Because of that, Sawyer found that charter schools are in the same category as public schools. State law says Colorado school districts don’t have to recognize teachers unions, though several dozen districts do so. A public sector collective bargaining law passed by state lawmakers last year specifically left out K-12 employees.
Private employers, on the other hand, are required to recognize unions if a majority of employees indicate they want to form one.
Taffet says KIPP feels like a private employer to him, and employees need a way to have a voice. Having to weather unilateral changes without the chance to give input is “destabilizing and demoralizing as a teacher in the building,” he said. Turnover is high, he added.
KIPP Colorado officials did not return emails and a phone call seeking comment.
Many charter leaders say collective bargaining agreements would limit their flexibility and take away from their ability to serve students.
In his request to review the dismissal, Taffet noted that charter teachers are paid by their networks. His paychecks, he said, are signed by KIPP, a nationwide network started in Texas that has 280 schools across the country, not by Denver Public Schools.
The district doesn’t control the day-to-day operations of his school, either, he said. And charter teachers like him can’t join the Denver Classroom Teachers Association.
The lack of clarity about the status of charter school employees in Colorado “creates an exploitable loophole” for employers, Taffet wrote in his request for review.
“While these entities are ultimately required to respond to the demands of the state and its authority, they are granted a unique privilege in that they are functionally inoculated from the concerns of their employees,” he wrote.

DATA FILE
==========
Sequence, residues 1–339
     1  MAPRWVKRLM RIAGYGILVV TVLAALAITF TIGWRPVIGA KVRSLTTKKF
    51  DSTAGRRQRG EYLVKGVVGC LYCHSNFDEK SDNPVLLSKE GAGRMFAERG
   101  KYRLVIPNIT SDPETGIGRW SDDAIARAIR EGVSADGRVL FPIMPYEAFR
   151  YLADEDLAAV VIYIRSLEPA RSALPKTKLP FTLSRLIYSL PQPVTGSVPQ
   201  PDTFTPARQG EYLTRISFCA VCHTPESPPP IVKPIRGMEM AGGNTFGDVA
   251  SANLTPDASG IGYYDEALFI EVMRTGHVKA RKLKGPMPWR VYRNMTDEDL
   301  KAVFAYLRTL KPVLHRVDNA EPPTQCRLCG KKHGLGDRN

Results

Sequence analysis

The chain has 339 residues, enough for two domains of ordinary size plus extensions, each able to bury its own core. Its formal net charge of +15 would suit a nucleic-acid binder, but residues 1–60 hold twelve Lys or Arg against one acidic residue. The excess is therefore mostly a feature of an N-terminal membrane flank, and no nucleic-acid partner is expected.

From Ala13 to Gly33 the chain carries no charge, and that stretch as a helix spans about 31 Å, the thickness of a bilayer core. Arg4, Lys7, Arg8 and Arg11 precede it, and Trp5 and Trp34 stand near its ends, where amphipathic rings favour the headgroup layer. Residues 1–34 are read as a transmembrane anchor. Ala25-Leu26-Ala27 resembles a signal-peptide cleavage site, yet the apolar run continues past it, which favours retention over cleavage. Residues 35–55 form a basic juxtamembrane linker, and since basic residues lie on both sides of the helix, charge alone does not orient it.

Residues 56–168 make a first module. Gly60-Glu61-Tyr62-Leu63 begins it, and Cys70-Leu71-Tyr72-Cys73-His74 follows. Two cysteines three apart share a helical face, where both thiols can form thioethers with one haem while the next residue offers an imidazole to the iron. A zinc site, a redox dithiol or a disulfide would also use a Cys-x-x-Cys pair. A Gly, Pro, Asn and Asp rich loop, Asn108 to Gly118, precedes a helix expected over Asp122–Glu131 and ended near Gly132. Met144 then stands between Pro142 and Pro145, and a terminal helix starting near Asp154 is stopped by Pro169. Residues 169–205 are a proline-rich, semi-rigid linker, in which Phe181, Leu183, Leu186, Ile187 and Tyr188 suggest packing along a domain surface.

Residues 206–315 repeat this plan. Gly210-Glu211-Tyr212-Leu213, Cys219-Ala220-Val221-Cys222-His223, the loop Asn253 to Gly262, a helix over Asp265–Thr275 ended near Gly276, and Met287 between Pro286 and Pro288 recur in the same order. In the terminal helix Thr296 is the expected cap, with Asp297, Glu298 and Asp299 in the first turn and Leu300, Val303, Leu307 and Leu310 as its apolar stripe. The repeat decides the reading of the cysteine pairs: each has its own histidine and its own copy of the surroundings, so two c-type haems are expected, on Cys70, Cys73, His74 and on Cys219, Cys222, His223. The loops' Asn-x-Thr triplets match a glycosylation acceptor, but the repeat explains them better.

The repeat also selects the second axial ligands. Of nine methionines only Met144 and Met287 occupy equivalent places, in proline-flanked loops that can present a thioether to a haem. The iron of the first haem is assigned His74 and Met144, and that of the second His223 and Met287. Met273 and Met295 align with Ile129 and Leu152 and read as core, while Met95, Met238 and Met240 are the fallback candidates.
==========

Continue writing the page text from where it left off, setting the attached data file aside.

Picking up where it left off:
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If the National Labor Relations Board under President Joe Biden agrees with him, the case could set a sort of precedent for Colorado. But White, the law professor, cautioned that the precedent would be a temporary one that future administrations could change.
“To the extent that other schools are funded and managed in an identical and very similar fashion, then it would establish an administrative precedent,” White said.
“But I say that with a caveat that the precedent established by an administrative agency at this level in particular is not really set in stone in the way precedent established by the U.S. Supreme Court would be.”
Still, Taffet has hope. He named the union the Colorado Charter Teachers Association with the thought that if his bid is successful, teachers from other charter schools could join.
“For me, personally, I’m in a place where I’m trying to be more authentic every day and use my existence to do something meaningful,” he said.
Melanie Asmar is a senior reporter for Chalkbeat Colorado, covering Denver Public Schools. Contact Melanie at email@example.com.